Heart Felt

DSC_3498

One of the reasons I’ve been wanting to start a blog has been to share some of the patterns and introduce some of the people I’m meeting,  whether on line or in person, and pass forward their ideas.  When you discover a good thing, there’s just something that makes you want to share the joy.

One of these people is MAGS KANDIS. I discovered her book Gifted  ( ‘ lovely little things to knit + crochet ‘) in our local bookstore about a year ago and couldn’t resist buying it.   Standing reading it and losing track of time, I knew this was a good investment for my bookshelf. Chalk full of ideas, her patterns are simple, her instructions are easy to follow and the pictures in the book really inspire.

Her  Knitted Felt Heart   were the first to catch my eye.

I like having a simple grab and go project when I head out the door in case I find myself with idle time.  I’m not great at concentrating on reading a book when I’m in a noisy , busy environment with lots of interruptions and I find my paints are a bit messy in some circumstances . But I love to have something to work on if I’m on the ferry, in a plane or when I’m travelling in the car on a road trip.  I’m thankful I can knit and not get motion sick and handwork that is not too detailed works really well for me to pick up and put away on short notice.

The idea for these colourful hearts really caught my eye.  I’m also a fan of taking a small gift as a gesture of thanks when I’m invited to a friend’s house for dinner or staying overnight as a house guest.  Two of the hearts strung together wrapped around a bottle of wine as a hostess gift were the impetus and I needed to experiment and see if they were in fact as easy to make as they were cute to look at.  The recipient of the wine bottle could choose to drape them over a doorknob for decoration or pass them forward as a gift themselves .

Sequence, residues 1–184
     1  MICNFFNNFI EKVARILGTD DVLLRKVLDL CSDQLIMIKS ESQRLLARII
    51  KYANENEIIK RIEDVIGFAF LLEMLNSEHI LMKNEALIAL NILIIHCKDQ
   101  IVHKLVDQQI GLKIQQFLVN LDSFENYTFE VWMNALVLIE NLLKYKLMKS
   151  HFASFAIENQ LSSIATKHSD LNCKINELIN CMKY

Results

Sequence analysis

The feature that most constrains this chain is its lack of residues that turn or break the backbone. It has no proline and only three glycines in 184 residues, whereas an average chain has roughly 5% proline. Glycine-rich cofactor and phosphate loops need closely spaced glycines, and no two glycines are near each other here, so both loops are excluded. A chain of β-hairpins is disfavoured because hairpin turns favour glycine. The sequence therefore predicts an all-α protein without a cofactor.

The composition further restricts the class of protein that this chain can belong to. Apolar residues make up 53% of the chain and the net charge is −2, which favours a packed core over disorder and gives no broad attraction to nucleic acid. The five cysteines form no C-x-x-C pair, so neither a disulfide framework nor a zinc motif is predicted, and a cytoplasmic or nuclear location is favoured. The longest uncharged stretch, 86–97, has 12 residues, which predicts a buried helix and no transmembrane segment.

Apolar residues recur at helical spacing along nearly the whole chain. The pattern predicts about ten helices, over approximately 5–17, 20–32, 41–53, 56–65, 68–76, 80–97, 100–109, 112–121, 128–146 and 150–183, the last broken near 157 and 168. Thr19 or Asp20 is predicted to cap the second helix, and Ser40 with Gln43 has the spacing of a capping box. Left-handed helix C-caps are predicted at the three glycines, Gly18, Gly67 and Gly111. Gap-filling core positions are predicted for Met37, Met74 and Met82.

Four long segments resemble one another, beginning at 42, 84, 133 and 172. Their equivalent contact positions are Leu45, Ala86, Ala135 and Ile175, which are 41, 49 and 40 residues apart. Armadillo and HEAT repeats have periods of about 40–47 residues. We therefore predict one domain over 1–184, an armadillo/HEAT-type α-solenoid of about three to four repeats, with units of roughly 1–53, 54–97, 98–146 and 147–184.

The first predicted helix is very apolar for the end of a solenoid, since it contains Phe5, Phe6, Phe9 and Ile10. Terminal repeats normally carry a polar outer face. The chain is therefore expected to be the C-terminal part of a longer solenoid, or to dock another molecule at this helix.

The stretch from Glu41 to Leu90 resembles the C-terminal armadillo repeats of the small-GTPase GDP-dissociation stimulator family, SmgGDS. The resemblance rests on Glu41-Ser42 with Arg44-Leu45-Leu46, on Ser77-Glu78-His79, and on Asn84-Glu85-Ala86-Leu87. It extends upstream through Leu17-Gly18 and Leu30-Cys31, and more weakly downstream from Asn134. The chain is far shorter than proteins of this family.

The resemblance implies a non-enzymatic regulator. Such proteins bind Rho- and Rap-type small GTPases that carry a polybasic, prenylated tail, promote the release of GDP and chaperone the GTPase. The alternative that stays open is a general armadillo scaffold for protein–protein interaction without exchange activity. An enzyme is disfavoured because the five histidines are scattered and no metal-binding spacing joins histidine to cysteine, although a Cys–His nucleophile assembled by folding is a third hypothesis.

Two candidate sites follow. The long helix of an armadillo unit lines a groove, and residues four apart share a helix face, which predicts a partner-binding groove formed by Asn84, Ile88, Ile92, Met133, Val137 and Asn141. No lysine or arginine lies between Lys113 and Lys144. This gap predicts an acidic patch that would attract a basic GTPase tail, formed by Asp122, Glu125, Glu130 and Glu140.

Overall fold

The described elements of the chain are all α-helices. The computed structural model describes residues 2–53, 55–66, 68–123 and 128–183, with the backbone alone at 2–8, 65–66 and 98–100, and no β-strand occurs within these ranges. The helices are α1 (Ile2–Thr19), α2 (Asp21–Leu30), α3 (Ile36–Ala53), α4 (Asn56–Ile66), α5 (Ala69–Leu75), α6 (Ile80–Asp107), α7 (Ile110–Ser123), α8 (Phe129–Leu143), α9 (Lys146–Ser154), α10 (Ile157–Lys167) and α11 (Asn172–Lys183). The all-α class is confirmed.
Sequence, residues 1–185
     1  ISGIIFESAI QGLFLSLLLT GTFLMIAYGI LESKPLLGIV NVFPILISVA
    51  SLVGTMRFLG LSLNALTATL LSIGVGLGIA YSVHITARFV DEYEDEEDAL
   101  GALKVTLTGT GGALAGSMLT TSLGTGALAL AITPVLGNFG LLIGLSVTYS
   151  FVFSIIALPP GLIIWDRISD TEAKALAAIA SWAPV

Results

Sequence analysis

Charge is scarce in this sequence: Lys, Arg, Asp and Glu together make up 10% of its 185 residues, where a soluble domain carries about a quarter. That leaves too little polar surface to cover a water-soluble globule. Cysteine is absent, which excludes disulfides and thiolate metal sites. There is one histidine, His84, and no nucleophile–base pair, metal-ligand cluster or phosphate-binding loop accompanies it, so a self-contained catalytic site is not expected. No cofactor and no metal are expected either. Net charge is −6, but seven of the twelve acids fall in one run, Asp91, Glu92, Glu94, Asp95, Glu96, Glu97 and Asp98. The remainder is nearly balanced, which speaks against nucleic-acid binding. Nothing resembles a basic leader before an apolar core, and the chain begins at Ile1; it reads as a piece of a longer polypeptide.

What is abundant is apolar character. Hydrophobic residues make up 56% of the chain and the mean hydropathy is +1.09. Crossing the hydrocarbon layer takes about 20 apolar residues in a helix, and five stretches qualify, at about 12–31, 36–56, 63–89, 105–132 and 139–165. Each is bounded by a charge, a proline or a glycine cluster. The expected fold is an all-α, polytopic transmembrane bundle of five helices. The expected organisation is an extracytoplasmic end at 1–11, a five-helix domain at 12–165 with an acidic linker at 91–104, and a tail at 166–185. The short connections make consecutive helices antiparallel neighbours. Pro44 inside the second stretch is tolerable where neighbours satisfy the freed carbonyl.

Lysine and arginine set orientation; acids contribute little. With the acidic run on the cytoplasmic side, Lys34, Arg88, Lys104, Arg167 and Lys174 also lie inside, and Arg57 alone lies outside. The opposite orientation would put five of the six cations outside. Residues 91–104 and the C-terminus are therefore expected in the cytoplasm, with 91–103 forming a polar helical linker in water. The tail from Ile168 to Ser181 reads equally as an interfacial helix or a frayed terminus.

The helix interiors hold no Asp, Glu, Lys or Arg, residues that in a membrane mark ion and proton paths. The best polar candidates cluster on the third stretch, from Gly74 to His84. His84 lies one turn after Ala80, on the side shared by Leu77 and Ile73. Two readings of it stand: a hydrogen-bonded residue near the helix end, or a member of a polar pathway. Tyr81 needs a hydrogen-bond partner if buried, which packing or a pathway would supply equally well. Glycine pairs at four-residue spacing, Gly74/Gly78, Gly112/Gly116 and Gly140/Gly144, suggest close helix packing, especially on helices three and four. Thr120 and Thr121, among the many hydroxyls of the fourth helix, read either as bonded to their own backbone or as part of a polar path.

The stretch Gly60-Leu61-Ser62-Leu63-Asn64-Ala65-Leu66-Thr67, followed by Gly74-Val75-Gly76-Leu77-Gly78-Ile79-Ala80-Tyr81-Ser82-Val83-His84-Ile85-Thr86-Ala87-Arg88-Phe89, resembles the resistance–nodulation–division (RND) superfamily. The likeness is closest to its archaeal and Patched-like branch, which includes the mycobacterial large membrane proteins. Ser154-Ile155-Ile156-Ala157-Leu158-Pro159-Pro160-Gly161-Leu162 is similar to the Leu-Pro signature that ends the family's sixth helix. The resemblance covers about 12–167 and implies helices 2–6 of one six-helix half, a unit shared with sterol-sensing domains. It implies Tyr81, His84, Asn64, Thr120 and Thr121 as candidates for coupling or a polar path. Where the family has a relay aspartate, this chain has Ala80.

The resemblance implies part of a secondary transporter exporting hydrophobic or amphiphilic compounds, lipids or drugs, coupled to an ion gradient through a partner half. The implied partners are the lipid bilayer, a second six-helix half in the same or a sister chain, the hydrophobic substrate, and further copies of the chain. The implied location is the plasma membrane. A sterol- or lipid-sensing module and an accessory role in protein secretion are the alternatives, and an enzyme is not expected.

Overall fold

Once I mastered the making, I made a set and used them to tie around a baby gift for a friend’s new baby last year. When my friend sent her thank you card she also included a picture of the hearts dangling cheerfully on the wall in the babies bedroom.  Endless possibilities.

 

DSC_3324

I started with some balls of wool in a few different colours. If you want the hearts to ‘felt’ you must use 100 % wool and if you’ve never felted before you’ll find it’s really easy.  There’s lots of information on the internet.  The process is basically a combination of  exposing the wool fibres to soap , rubbing them together ( or agitating them in a washing machine in hot water ) and then laying them out to dry or throwing them in the dryer with an old towel. If you’ve ever accidentally washed a sweater that started out fitting an adult and came out of the dryer looking like a garment meant to fit a 3 year old, you’ll have had an accidental lesson in felting.

DSC_3326

I tackled the concept of knitting ‘ short rows ‘ and  found you can ‘ you tube’ anything. If you’re a visual learner this can be helpful.   There are only 12 stitches in the cast on and the heart shape builds on those 12 stitches , decreasing and increasing to create the shape.  The pattern isn’t a complicated cable / count / lose track, back up, move forward project.  Truly they are really quick and  easy. Once you’re into the rhythm of the pattern, they knit up very quickly.

DSC_3328

             I made a whole batch at once… stuffed them, and then threw them in the hot water for felting.

             ‘ Shocked’ them in a bowl of cold water…..and then threw them in the dryer with an old towel.

DSC_3502

 

Mags explains it really well in her book and is generous enough to share both the pattern and the instructions for these hearts in her free pattern.

I just delight in having a stash of these little guys on hand;  some in the half made stage and some ready to go.

 

Her book also has a patten for  knitting needle cases used to store short double ended needles.

  I adapted the pattern to create a holder for my paint brushes by making the length of the case longer .

DSC_5546 DSC_5545

As I said the possibilities are endless